Will We Be Ever Able To Go Off-grid Again? And Other Questions about the Electronic Silk Road

Deven Desai

Deven Desai is an associate professor of law and ethics at the Scheller College of Business, Georgia Institute of Technology. He was also the first, and to date, only Academic Research Counsel at Google, Inc., and a Visiting Fellow at Princeton University’s Center for Information Technology Policy. He is a graduate of U.C. Berkeley and the Yale Law School. Professor Desai’s scholarship examines how business interests, new technology, and economic theories shape privacy and intellectual property law and where those arguments explain productivity or where they fail to capture society’s interest in the free flow of information and development. His work has appeared in leading law reviews and journals including the Georgetown Law Journal, Minnesota Law Review, Notre Dame Law Review, Wisconsin Law Review, and U.C. Davis Law Review.

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3 Responses

  1. Adele says:

    Interesting post, Deven; I have been curious about the implications of a growing electronic Silk Road with all the talk about it as of late. On the surface, greater global connectivity seems very beneficial to people as a whole. New trading opportunities and dialogue between different people becomes much more available to those with access to the tech needed. But your idea of an “inescapable” grid also poses an issue for those that may abuse or misunderstand the use of digital technology and information. Though you can’t actually pick up and move off the grid, I feel the silk road will offer solutions in itself to help “hide” those that want/need it. Either by erasing your presence or burying it in massive amounts of information that make it neigh impossible to find, I think services will pop up in the digital world that will monetize this need. I’m sure there are already examples of this budding today, though I don’t know of any.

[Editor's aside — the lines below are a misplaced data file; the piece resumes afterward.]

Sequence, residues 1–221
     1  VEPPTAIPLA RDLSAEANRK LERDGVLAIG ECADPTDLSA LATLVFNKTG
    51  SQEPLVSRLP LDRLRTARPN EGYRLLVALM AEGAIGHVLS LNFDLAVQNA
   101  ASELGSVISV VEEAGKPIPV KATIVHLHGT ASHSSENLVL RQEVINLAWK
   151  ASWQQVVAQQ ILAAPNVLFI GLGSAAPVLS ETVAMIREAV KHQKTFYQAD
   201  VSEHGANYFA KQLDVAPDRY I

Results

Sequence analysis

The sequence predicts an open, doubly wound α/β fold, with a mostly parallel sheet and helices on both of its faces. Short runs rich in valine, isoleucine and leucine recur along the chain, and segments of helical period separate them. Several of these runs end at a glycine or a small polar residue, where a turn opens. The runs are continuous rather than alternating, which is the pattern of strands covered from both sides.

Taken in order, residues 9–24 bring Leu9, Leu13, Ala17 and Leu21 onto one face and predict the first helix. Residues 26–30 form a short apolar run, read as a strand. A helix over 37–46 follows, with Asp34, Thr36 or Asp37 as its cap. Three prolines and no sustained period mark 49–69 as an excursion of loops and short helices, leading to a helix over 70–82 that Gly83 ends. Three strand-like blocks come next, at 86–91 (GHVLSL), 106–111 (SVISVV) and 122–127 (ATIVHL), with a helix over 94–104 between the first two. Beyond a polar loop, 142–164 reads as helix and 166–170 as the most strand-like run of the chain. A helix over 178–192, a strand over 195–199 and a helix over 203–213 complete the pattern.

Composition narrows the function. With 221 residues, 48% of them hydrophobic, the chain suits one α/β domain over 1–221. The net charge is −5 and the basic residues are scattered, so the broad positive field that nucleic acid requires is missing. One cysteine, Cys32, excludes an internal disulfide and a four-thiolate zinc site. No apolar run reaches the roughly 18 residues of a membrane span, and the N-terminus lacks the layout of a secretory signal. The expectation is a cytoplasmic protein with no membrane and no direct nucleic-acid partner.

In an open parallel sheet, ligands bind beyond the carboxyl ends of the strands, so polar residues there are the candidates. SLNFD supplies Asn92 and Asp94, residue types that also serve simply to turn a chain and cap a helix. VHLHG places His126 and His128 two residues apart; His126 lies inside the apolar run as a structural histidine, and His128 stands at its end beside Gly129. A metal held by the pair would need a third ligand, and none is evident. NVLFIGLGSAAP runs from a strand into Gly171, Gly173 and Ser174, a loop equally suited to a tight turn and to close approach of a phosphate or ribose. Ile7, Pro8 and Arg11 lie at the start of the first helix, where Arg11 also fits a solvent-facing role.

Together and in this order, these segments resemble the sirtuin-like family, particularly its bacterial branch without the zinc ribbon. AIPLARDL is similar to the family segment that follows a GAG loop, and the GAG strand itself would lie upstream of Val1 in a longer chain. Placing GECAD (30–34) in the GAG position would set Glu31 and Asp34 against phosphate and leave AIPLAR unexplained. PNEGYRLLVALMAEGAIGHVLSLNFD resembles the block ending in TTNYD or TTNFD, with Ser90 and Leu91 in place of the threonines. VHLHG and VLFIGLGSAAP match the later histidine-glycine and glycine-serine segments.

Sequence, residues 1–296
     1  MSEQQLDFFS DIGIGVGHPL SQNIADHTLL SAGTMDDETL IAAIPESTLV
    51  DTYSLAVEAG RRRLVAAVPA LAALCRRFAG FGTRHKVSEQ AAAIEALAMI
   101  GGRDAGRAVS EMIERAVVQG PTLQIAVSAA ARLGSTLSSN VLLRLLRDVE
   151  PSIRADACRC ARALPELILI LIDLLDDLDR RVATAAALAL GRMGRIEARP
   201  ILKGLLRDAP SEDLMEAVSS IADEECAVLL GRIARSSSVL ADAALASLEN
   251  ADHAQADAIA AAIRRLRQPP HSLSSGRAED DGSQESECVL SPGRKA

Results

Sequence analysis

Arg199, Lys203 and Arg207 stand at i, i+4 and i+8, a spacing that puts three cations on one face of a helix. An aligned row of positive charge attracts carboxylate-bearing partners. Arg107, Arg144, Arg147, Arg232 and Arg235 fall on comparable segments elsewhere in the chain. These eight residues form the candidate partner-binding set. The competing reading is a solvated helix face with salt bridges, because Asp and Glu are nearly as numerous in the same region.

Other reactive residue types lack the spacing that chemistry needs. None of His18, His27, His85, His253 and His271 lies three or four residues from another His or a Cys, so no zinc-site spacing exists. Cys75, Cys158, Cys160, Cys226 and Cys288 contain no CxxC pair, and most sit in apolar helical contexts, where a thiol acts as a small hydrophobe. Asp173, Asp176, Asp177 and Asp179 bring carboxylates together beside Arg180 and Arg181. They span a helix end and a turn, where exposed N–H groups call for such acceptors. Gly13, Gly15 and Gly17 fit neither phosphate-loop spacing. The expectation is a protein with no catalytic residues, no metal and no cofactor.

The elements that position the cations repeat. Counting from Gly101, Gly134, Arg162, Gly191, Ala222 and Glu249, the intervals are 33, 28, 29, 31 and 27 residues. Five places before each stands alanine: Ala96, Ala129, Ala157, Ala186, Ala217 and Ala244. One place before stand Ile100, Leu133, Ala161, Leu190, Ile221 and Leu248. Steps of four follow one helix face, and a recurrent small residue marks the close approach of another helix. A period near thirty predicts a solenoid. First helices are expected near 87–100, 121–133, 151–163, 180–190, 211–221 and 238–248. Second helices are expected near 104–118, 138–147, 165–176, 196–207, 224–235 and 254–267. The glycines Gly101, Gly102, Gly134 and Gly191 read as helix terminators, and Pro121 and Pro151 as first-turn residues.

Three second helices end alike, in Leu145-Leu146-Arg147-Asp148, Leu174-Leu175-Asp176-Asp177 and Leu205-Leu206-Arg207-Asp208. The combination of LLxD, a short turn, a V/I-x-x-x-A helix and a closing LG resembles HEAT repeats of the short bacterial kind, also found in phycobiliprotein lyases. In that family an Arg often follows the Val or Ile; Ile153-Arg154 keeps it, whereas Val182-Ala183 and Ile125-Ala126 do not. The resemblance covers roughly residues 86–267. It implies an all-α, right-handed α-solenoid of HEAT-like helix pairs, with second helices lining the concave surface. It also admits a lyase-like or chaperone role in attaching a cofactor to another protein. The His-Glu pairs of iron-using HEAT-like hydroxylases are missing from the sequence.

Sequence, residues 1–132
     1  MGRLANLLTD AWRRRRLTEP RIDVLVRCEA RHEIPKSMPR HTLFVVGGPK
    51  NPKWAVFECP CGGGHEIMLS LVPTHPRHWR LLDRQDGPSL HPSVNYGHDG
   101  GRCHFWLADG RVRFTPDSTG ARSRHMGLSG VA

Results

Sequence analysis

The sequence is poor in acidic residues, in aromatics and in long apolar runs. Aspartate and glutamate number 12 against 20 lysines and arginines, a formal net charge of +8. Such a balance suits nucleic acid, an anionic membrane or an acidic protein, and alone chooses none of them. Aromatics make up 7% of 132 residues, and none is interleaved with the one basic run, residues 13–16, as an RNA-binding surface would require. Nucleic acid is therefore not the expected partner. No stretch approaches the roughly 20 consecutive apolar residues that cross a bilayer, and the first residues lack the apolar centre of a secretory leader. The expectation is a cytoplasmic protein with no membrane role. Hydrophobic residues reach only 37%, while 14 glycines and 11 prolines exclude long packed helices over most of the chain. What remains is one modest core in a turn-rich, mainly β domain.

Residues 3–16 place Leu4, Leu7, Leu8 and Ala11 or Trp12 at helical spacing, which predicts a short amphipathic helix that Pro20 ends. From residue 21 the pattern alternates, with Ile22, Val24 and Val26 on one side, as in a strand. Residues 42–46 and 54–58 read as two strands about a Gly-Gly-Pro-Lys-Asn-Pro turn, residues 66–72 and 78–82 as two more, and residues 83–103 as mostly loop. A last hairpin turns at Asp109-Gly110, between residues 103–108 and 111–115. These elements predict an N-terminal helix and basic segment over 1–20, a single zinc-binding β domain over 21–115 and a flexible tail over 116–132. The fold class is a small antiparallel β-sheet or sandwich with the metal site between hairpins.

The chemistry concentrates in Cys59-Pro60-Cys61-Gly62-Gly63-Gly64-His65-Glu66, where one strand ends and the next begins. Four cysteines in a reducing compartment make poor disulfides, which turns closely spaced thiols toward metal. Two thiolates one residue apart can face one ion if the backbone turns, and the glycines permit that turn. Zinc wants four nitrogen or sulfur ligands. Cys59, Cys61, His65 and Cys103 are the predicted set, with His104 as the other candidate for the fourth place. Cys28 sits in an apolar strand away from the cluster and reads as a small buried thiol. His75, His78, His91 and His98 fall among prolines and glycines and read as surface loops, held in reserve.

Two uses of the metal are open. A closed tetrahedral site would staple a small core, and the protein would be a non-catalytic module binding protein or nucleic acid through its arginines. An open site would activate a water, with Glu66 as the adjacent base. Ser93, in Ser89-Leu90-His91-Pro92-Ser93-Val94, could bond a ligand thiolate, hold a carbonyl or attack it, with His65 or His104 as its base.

If possible, would you mind explaining further the idea of spying to be a good thing? I think I am getting the basic concept, but I would like to make sure.

  2. Deven Desai says:

    Quick answer, the spying on each other suggests a less than cozy world. The friction may mean that the chance for all to agree let’s spy together on citizens is low. One possible outcome may be a behind the scenes swap of information about citizens in exchange for not spying on government folks. That would be the sort of coordination I’d distrust and not be happy to see.

  3. CraigM. says:

    I guess it’s nice having the off grid. No more, no less. that’s all